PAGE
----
Little Italy: Trento
A man drove up to Trento’s main Piazza in his tiny car. Not a Smart car, but a tiny shiny red vehicle, just room for one. He nodded at a creamy skinned Italian girl in a café and she nodded back. After a moment she reappeared in the Piazza, carefully carrying a cup and saucer as slender as her body. He took it from her, and drank the tiny espresso in second without leaving his tiny car. They exchanged a few cents and he drove off. It was a brief moment in a colourfully faded city, but Matthew loved it. It reminded him of an episode of Top Gear where Jeremy Clarkson drove around his office in the smallest car in the world.
“I think this one was smaller, shall I write to Top Gear?”
We strolled back to our hotel in the morning sunshine, wondering how you buy such a car.
A moment of cool through the fairy door
In the main Piazza, opposite our hotel, stood another creamy coloured apparition. It was early so the main doors of the cathedral were still closed. But in the corner we found a narrow door which Hannah might have called a fairy entrance. It was open; its cool darkness inviting us away from temperatures already in the mid 30’s. We crept in, straight onto the altar where five priests were saying mass, to a congregation of four. Perhaps they thought Matthew was a choirboy. Anyway, they said nothing, barely registering our presence. Perhaps people stumble in through that tiny door all the time. We did a U turn, back out into the blistering heat.
Everything so small and perfectly formed
Stuart and the kids were having breakfast when we reached the hotel. “Look Mum, teeny rolls,” said Hannah, trying to break open a small but perfectly formed piece of bread. And there were teeny croissants to go with them, along with a teeny weeny espresso for me, which I drank in one sip. We ate the rolls, and then examined the basket of cellophane wrapped goodies that also appeared. Titchy but perfectly formed pieces of toast, like miniature copies; little chocolate filled croissants and individual wafers. All the excesses and big coffees of Germany were now well behind us. We now had both feet firmly in Italy, where everything seems small but perfectly formed.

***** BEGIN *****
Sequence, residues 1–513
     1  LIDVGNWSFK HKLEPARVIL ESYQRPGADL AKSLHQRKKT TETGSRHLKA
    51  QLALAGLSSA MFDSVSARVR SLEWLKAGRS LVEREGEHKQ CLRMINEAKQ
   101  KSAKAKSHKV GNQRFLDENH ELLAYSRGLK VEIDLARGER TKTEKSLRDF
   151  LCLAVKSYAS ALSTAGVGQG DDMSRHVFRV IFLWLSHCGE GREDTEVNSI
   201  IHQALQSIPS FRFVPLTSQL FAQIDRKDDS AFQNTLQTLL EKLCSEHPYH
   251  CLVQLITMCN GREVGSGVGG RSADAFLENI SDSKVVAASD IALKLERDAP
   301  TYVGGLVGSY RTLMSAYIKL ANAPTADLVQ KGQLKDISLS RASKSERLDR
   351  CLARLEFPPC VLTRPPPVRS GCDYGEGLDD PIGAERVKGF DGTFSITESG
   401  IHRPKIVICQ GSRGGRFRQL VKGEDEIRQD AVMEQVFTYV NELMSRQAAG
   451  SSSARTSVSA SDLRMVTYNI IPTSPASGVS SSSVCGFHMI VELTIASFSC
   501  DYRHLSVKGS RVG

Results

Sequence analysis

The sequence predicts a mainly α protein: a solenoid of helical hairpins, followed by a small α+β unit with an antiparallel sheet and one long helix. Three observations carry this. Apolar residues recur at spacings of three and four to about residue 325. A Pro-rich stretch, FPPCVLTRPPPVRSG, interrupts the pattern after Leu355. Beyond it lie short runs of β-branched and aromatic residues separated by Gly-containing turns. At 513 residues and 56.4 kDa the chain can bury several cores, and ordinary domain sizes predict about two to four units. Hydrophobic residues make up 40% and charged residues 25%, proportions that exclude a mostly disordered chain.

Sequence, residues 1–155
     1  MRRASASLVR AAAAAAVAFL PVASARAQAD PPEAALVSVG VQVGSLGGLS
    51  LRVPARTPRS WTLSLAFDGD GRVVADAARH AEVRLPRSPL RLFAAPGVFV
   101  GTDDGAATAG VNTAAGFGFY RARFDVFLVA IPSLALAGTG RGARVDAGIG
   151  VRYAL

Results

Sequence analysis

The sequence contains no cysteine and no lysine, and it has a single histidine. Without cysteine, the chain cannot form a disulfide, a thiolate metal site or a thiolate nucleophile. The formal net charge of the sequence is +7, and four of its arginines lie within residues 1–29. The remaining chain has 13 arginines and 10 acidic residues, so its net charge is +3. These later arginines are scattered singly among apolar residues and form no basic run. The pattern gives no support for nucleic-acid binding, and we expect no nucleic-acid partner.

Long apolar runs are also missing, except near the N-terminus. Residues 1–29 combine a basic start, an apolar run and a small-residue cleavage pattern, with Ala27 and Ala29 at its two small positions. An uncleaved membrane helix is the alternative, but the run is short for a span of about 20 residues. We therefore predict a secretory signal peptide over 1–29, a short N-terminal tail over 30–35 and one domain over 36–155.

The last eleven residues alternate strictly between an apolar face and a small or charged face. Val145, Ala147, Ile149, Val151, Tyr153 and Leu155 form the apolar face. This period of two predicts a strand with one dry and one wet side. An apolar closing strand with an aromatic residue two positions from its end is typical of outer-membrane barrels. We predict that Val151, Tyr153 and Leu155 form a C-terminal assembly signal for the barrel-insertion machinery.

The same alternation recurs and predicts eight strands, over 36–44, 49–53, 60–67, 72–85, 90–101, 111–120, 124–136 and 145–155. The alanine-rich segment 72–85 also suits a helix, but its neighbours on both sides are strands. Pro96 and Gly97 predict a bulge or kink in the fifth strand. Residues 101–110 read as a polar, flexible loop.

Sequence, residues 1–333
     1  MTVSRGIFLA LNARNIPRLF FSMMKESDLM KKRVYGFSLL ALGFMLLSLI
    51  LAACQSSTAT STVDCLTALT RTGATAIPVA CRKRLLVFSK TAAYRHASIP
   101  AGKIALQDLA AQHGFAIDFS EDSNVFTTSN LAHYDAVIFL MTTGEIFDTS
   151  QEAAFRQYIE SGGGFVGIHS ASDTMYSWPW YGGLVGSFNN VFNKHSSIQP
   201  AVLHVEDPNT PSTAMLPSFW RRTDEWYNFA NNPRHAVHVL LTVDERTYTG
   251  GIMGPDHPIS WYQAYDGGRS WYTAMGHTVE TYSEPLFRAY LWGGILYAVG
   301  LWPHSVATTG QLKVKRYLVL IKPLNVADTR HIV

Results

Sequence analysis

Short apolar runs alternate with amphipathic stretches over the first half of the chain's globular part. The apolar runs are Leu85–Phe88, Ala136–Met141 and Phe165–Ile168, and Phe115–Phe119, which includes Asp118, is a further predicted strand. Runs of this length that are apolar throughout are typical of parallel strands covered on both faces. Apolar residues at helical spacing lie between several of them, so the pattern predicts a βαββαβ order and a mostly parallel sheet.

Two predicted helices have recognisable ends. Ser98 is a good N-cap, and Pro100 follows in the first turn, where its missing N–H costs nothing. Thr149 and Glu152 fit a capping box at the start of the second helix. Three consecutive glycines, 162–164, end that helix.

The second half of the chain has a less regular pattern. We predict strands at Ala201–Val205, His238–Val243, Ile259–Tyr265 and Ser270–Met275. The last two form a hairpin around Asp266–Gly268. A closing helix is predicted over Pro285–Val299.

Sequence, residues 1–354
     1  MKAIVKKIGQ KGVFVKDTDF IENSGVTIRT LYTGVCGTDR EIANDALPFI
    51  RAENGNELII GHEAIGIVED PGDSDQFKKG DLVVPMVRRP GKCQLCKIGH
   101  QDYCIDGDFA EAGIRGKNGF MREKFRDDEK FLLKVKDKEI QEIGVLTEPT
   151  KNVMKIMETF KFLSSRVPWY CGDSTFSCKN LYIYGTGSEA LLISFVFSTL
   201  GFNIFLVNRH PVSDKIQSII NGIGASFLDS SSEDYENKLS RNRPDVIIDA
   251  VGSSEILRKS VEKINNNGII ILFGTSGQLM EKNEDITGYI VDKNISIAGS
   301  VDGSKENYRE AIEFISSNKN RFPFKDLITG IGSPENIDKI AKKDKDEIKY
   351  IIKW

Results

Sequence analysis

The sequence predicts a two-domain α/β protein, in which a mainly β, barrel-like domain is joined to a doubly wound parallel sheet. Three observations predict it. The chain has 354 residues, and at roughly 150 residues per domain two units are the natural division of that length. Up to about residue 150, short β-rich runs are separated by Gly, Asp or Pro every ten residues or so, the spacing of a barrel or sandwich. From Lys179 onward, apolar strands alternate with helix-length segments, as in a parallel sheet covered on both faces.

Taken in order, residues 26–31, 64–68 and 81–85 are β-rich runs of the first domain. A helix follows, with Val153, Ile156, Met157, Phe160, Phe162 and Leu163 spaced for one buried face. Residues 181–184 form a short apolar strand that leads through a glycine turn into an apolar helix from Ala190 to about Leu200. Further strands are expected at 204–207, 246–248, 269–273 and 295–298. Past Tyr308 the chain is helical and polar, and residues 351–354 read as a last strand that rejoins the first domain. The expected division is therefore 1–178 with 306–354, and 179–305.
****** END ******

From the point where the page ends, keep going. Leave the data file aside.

Mad dogs and English folk
We looked at our map, and realised that our days of downhill riding were about to end. We had a mountain to go over to switch valleys and continue our journey along the Via Claudia. And time was ticking by. It was eleven before we got our act together and left the hotel.
We bought some baguettes; little thin ones that the baker cut to fit into a small paper bag, and checked with tourist information that our only option was to leave the city via a steep cycle path. And so we set out in the midday heat, pedalling straight uphill. We managed a hundred metres of vertical climb, often getting off to push the bikes. Italian hills were anything but tiny. We collapsed outside a café in the village of Cognola. The woman was mopping the floor, but said she’d let us have ice creams before she closed for the afternoon.
Everyone on siesta except us
The shop next door let us buy some pizza slices before they too closed until four o’ clock. We sat outside two closed café’s as the shop owners wound in their shutters and awnings, leaving us burning in heat that was registering 44 degrees.
“I don’t believe it. The Italians have a siesta. Everything closes in the afternoon,” said Stuart despondently. “They have their tiny rolls and tiny coffee and then do a tiny bit of work before shutting up shop for most of the day. Leaving us stuck on one of their bloody great big hills all day. Powered by the smallest bread roll known to man.”
Shooting himself with a water pistol
We pushed on, stopping outside a bus shelter when Cameron started showing signs of heat exhaustion. It was only ten kilometres to a lake warmed by natural thermals, but at this rate it would take the rest of the day. He swapped with Hannah and continued in the buggy, shooting himself with a water pistol to put an end to his misery.
Lago Di Caldonazza was huge. And warm, and choppy. We were all in it like a shot. This was no tiny swim. We stayed forever.